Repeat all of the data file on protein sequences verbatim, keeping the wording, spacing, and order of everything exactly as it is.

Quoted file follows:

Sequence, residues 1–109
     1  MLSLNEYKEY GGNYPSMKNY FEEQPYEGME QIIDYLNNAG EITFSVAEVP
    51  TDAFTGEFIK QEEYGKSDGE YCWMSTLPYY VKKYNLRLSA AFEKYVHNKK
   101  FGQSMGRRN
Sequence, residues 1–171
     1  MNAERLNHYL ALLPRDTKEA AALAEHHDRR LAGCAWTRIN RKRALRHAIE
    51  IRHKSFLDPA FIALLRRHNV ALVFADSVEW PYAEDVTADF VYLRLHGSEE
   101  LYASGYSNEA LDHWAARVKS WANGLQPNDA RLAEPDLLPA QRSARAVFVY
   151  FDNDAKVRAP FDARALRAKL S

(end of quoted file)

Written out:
Sequence, residues 1–109
     1  MLSLNEYKEY GGNYPSMKNY FEEQPYEGME QIIDYLNNAG EITFSVAEVP
    51  TDAFTGEFIK QEEYGKSDGE YCWMSTLPYY VKKYNLRLSA AFEKYVHNKK
   101  FGQSMGRRN
Sequence, residues 1–171
     1  MNAERLNHYL ALLPRDTKEA AALAEHHDRR LAGCAWTRIN RKRALRHAIE
    51  IRHKSFLDPA FIALLRRHNV ALVFADSVEW PYAEDVTADF VYLRLHGSEE
   101  LYASGYSNEA LDHWAARVKS WANGLQPNDA RLAEPDLLPA QRSARAVFVY
   151  FDNDAKVRAP FDARALRAKL S